Arranged in a loose chronology, the tales document a southern white girl's middle-class initiation into the adult world. The first section, "Sanctuary," recalls Gingher's earliest impressions of family dynamics and shelter, a child's yearnings and resourcefulness. "Truths and Grit," the second section, deals with the tempering of bliss, a young girl's first encounters with corruption and mortality. In the final group of essays, "Metaphors and Pies," Gingher explores the contributions her recollections of childhood make in her ongoing trials as a parent and a writer. That her own childhood still permeates and inspires her present life is perhaps its greatest legacy.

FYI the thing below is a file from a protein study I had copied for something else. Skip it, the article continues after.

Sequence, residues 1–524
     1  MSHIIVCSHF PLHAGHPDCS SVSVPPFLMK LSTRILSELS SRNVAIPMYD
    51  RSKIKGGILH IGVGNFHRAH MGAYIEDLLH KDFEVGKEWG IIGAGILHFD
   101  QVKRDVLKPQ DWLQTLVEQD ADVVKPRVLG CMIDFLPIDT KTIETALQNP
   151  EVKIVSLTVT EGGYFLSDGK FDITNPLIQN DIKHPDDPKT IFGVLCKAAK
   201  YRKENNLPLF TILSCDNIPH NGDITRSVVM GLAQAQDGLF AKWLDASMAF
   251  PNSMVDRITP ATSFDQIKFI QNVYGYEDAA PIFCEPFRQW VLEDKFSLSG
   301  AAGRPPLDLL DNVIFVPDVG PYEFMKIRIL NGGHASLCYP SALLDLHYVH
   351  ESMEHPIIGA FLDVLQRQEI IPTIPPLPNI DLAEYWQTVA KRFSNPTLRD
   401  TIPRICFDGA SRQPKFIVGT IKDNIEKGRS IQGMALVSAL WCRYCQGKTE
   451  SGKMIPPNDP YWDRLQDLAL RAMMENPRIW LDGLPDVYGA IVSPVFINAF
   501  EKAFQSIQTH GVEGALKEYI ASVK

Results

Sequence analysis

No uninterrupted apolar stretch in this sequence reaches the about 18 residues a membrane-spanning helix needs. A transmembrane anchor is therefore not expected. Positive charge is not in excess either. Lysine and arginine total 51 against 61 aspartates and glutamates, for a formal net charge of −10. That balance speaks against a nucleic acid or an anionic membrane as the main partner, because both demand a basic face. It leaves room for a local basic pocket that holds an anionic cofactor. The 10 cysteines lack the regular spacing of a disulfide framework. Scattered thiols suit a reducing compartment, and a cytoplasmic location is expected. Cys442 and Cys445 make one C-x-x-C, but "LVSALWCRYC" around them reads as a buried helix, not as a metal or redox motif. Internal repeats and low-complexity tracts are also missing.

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Gingher, director of the Creative Writing Program at the University of North Carolina at Chapel Hill, delivers on his request, extolling and sometimes sugarcoating the virtues of her North Carolina girlhood.| Read Full Review of A Girl's Life: Horses, Boys, ...
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